Information about COVID-19 is everywhere these days but constantly watching social media sites isn’t good for your mental health and will lead to loads of misinformation. In fact, news literacy education consultant Michael Spikes recommends that you “go to a trusted source of information a few times a day and otherwise try and redirect yourself from reaching for your phones every time you get bored.” Some websites that you can rely on are Centers for Disease Control and Prevention, National Library of Medicine, local public health officials and the John Hopkins map.
Have you heard that spraying alcohol or chlorine all over your body will kill the new coronavirus?
Do you believe that 5G mobile networks spread COVID-19?
Do you think exposing yourself to the sun or temperatures higher than 77 degrees will prevent COVID-19?
Do you believe that you are free of the disease if you can hold your breath for at least 10 seconds without coughing?
If any of these myths resonate with you, visit the World Health Organization’s Myth Buster website for a reality check.
But what if you land on a site that has information that must be true because Aunt Judy sent it to you and she’s always right? There are tools to help you decipher information. PolitiFact is a fact-checking website that rates the accuracy of elected officials and others. It debunks specific claims like fake coronavirus cures, false news reports and conspiracy theories. It has developed a guide with seven ways to avoid falling for Aunt Judy’s post. If you have a tip or want them to fact-check something, send an email to firstname.lastname@example.org.
Snopes, an internet reference source, has been investigating urban legends, hoaxes and folklore since 1994. It has developed a page dedicated to the novel coronavirus because page mangers felt that an infodemic came along with the pandemic. Snopes has compiled a list of claims that they’ve fact-checked that relate to specific categories of COVID-19. It also recommends that you use the CDC and WHO websites to get the latest information about COVID-19.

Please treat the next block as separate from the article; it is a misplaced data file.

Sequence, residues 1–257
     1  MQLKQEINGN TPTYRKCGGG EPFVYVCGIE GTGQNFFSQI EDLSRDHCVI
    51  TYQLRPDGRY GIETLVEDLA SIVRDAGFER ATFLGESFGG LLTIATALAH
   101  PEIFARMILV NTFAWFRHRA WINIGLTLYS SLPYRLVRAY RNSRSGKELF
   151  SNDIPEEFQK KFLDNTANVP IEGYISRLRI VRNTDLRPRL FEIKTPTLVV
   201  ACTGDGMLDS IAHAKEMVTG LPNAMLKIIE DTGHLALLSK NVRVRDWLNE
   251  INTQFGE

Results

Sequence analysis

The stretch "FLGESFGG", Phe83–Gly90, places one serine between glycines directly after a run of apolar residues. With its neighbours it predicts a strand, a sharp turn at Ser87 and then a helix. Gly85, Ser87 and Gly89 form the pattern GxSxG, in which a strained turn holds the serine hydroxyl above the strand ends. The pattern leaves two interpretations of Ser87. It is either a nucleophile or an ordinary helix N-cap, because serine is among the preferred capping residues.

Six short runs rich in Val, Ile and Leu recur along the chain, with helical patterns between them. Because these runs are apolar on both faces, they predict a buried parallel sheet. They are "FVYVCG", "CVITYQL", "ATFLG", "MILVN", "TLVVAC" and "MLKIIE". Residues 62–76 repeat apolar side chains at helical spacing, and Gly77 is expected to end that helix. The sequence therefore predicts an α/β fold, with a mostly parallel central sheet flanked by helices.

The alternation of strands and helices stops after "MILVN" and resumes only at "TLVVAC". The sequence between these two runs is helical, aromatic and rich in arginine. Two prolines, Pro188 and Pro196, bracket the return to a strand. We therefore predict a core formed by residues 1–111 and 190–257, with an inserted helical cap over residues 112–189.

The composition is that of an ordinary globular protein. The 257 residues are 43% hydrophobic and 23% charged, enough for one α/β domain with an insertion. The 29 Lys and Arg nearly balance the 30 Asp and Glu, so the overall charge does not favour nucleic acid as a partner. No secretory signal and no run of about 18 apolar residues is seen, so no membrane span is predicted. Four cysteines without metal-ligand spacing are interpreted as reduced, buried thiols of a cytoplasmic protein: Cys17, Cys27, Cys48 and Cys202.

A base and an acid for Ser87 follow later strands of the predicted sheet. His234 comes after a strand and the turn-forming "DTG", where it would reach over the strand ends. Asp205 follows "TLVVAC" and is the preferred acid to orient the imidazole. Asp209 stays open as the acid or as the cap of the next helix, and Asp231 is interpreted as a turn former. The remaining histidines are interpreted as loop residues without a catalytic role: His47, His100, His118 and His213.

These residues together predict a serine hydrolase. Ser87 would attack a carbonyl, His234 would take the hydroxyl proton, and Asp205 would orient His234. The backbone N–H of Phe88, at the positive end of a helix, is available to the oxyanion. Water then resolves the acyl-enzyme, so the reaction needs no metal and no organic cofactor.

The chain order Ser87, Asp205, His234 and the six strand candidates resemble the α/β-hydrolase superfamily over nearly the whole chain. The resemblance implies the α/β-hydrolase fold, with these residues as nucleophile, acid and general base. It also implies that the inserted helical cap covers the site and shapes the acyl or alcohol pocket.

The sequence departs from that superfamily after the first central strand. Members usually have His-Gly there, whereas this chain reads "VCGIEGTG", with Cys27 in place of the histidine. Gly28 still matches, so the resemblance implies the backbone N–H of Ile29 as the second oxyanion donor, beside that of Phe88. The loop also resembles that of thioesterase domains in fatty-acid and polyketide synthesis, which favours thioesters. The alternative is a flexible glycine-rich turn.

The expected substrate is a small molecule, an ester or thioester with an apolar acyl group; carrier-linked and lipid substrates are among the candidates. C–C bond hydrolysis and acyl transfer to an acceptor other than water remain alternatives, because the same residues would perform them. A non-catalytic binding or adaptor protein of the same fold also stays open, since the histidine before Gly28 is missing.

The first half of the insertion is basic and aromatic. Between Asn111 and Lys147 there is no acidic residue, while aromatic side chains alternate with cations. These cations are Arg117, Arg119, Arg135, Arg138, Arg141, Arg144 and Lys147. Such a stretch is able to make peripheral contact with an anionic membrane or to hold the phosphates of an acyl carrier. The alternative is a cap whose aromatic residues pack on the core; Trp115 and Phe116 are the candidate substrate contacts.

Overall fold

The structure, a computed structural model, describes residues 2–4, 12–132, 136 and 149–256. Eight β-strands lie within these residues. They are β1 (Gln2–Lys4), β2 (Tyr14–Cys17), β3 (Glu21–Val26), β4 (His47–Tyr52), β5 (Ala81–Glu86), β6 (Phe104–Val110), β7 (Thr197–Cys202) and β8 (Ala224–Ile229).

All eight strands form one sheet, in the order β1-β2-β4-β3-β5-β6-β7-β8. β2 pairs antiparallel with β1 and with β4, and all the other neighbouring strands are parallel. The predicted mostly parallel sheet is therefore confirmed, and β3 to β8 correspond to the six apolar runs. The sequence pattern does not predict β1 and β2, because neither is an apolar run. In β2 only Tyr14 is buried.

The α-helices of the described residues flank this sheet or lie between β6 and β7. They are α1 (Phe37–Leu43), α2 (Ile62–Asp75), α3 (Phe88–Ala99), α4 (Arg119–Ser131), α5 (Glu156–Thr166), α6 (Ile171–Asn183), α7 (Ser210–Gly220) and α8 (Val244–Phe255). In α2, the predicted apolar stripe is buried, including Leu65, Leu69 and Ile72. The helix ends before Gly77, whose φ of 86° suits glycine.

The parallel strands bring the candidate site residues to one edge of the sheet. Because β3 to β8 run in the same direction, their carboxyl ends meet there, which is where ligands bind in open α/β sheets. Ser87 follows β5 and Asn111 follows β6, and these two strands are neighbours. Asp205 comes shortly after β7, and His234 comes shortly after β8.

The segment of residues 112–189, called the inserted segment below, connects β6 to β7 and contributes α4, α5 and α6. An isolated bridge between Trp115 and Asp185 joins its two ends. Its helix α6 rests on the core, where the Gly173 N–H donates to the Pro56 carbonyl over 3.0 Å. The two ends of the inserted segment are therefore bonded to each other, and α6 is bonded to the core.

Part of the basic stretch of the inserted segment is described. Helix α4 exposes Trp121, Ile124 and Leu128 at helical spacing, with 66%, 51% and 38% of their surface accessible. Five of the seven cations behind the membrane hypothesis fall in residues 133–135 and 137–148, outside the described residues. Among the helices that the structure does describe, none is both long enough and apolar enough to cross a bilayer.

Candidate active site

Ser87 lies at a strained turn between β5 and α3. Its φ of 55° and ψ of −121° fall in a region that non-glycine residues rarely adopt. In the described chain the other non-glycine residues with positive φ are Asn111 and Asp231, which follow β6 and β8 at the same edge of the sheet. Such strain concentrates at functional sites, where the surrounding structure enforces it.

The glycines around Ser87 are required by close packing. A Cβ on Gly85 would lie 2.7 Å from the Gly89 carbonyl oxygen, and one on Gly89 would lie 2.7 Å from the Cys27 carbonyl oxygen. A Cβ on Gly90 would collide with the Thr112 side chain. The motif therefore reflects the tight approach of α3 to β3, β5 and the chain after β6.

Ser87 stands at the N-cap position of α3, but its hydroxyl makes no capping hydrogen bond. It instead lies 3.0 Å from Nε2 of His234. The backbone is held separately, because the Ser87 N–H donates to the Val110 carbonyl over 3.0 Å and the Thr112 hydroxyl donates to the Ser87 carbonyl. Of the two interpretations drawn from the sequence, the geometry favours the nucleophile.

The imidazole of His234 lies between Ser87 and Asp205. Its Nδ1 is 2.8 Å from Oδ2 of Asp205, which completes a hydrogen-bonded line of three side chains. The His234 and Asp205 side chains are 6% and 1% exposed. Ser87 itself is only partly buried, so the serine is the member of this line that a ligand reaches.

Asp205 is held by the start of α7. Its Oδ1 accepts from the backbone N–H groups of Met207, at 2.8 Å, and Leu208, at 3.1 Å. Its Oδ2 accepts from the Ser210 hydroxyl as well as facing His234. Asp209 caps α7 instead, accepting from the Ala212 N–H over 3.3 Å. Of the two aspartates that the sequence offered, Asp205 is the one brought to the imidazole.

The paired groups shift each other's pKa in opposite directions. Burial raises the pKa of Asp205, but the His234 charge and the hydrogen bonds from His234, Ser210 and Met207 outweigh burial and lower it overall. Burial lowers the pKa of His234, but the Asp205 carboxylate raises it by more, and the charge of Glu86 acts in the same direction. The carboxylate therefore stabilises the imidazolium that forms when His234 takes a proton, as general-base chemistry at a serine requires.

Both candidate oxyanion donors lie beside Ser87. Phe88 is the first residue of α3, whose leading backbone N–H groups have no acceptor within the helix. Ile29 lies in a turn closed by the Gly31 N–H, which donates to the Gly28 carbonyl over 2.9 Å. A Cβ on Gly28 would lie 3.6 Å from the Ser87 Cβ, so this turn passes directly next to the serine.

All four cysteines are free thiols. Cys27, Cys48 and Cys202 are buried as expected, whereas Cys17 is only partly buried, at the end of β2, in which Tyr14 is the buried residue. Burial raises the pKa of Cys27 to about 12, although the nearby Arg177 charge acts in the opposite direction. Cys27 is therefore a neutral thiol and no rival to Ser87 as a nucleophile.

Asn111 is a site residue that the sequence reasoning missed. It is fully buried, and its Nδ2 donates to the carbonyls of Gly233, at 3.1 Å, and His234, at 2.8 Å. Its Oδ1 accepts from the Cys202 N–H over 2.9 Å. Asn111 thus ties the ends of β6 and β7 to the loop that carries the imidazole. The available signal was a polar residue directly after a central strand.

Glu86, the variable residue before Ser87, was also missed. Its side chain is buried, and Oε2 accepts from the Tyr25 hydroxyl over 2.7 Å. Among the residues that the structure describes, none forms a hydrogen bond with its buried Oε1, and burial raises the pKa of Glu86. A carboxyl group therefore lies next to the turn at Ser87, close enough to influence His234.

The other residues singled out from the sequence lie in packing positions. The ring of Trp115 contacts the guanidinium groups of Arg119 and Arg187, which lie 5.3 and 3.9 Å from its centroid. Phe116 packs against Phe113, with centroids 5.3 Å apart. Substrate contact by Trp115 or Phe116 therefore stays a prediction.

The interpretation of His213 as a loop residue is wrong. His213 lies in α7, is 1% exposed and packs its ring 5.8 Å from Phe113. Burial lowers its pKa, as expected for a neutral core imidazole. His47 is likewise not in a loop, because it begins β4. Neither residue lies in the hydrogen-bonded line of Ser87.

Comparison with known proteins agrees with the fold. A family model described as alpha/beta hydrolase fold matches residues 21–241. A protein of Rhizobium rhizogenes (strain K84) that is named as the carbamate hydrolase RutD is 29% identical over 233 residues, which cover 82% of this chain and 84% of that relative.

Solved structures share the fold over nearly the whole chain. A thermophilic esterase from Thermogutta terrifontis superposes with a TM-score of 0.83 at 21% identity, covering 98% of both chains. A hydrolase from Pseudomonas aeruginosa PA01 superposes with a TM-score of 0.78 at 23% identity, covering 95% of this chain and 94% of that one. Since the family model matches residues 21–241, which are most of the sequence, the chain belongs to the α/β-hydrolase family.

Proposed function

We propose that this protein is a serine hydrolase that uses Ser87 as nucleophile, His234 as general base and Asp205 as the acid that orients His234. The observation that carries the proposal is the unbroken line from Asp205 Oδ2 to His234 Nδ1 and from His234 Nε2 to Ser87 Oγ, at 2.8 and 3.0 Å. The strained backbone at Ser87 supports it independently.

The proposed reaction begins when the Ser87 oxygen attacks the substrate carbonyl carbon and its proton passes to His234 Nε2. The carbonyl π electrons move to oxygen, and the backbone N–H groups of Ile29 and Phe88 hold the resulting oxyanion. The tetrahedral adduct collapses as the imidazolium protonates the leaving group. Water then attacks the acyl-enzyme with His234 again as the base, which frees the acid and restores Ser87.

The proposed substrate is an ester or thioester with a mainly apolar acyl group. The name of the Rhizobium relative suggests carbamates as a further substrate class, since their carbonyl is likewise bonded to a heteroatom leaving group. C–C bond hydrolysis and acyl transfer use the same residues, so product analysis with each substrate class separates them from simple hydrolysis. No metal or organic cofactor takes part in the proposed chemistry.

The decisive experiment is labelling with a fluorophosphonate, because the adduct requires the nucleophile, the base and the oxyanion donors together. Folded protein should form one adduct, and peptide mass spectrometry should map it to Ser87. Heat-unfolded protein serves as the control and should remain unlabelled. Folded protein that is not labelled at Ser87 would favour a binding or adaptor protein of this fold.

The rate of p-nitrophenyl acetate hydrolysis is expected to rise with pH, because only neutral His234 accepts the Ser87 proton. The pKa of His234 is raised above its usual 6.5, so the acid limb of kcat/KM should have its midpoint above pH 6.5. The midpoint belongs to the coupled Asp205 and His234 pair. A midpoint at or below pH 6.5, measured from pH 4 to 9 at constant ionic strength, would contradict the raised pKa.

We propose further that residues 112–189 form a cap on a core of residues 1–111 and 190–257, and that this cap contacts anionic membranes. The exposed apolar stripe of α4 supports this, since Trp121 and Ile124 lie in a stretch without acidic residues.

The International Federation of Library Associations and Institutions promotes critical thinking as a key skill in media and information literacy. It published the article "How to Spot Fake News" that includes eight simple steps to verify a news article. It recommends that you consider the source, read beyond the headline, check the author, look for the source of information, check the date, ask yourself if it’s a joke, check your own biases and consult with other experts.
The internet trust tool NewsGuard rates more than 4,000 websites that provide 95% of the news and information consumed and shared online in the U.S., France, Germany, Italy and the UK. It has a Coronavirus Misinformation Tracking Center that lists websites that it has found to be guilty of publishing false information about the virus. You can scroll through the list to see if the news article you just read came from one of them. NewsGuard also reports on the top COVID-19 myths and how they emerged and spread across the internet. Readers are welcome to report news stories at www.newsguardtech.com or by calling its misinformation hotline.
Tina Winstead is director of Huntington Memorial Library in Oneonta. Her column appears in the community section of The Daily Star every Tuesday. Her columns may also be found online at www.thedailystar.com/community/library_corner.